How Russian tsars fought corruption

An unusual holiday is taking place on our planet on December 9 - International Anti-Corruption Day. They began to celebrate this event relatively recently, but they have been tirelessly fighting this evil for a long time. And so, interesting facts about the fight against corruption in Russia from Ivan the Terrible to Nicholas II.

Ivan IV, nicknamed the Terrible in Russian history, was rightfully considered one of the most effective fighters against corruption. The 1550 Code of Laws introduced a punishment for such a crime - the death penalty. By the way, the officials under Ivan the Terrible got it hard; during the years of his reign, about 8 thousand people who were in the state service were executed. In 1558, the French envoy Arnold Shemo wrote to his homeland: "Muscovy is unrecognizable - the fear of death has changed this country."

But the time of Ivan the Terrible passed, and everything returned to its place. By the beginning of the reign of Peter the Great, the size of the embezzlement was simply astronomical. It is interesting that Peter decided to fight this most irreconcilable way, there were repeated cases of executions of thieving officials. Once in the Senate, the emperor announced that he intends to issue a new decree, according to which he who stole money from the treasury in an amount sufficient to buy a rope will be hanged. But Peter's ardor was cooled by Prosecutor General Pavel Yaguzhinsky, who reasonably noted that the tsar risked being left without subjects.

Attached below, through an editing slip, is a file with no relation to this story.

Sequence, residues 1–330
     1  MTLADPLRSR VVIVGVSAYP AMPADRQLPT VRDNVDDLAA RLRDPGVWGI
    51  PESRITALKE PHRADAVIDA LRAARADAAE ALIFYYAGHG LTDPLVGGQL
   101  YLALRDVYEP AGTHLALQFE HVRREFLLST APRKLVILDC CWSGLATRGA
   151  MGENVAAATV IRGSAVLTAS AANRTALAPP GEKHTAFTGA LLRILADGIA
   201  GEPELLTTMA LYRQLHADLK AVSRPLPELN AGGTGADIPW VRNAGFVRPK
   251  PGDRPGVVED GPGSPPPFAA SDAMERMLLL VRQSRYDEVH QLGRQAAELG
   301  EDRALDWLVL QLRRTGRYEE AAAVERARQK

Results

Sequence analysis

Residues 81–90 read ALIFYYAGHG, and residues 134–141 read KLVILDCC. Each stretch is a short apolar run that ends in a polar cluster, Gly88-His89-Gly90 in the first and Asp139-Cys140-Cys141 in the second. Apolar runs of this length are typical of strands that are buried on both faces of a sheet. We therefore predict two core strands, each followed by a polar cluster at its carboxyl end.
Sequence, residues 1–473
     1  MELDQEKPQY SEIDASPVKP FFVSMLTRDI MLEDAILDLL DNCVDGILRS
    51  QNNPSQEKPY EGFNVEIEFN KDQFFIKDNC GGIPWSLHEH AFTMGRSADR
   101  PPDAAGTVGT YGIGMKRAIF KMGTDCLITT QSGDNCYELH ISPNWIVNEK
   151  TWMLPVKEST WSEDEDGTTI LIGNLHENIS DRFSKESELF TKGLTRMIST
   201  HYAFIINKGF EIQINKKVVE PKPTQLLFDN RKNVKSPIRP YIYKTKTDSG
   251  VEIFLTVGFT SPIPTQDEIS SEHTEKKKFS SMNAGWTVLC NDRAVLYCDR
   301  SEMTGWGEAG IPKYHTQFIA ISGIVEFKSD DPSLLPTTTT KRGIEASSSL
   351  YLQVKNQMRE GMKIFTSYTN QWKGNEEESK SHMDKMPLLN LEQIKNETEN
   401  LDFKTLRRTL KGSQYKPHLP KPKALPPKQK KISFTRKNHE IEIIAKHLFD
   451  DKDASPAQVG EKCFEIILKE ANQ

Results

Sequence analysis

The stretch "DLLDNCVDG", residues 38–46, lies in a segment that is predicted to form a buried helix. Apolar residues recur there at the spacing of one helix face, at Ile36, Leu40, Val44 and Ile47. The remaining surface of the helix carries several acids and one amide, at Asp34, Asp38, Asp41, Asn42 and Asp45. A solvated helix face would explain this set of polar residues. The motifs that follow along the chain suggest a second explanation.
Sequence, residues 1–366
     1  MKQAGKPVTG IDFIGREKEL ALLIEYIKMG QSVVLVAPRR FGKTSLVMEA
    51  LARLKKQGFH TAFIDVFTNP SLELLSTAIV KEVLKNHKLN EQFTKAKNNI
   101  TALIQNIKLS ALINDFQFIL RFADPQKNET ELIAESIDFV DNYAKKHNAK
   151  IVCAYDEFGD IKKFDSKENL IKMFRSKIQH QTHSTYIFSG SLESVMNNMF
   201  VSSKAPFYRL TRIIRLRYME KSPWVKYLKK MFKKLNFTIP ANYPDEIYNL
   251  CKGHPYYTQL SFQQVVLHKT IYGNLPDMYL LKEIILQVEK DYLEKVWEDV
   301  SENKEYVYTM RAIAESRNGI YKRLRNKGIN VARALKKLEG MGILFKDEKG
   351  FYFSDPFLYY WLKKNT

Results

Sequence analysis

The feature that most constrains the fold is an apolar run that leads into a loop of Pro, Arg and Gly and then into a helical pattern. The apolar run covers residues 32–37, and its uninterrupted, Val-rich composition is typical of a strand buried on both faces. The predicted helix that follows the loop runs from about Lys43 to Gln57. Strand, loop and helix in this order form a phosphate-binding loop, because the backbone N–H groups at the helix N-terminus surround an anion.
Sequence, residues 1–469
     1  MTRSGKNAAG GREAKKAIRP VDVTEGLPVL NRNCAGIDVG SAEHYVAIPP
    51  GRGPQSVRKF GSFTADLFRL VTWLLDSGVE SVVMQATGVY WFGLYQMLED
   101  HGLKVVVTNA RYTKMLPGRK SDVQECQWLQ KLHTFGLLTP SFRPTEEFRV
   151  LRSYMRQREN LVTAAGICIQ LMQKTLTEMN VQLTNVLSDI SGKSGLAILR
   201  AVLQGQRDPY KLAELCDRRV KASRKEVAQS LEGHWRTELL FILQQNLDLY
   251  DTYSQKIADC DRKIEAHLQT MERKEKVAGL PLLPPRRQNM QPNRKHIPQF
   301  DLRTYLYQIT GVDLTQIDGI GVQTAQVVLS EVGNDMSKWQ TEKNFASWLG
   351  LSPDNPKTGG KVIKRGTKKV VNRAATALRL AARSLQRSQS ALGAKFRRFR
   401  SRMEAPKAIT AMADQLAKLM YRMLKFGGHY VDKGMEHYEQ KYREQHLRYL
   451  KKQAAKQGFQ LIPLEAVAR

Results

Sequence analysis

Catherine II, struck by the scale of corruption in the Russian State, commanded that officials "abstain from such evil, and in the event of their crime, even after our admonition, they would no longer expect our pardon."

Nicholas the First also seriously dealt with this problem. The Third Branch, created during his reign, was supposed to eradicate bribery and embezzlement in the country. Alas, and Nikolai did not manage to defeat this "hydra", despite severe punishments, corruption flourished. The Englishman George Mellow, who visited Russia more than once, wrote: "In this country, everyone is trying by any means to get into the service of the sovereign, so as not to work, but to steal, take expensive gifts and live comfortably." Yes, and the emperor himself once sadly remarked that only he and the heir were not stealing from his entourage.

Under Nicholas II, corruption in the country reached astronomical proportions, although a new Criminal Code was issued, in which the concepts of "bribery" and "covetousness" were separated. The First World War forced to toughen the struggle with amateurs to put their paws into the state pocket. On January 31, 1916, the penalties for malfeasance in the supply of the army and navy were increased.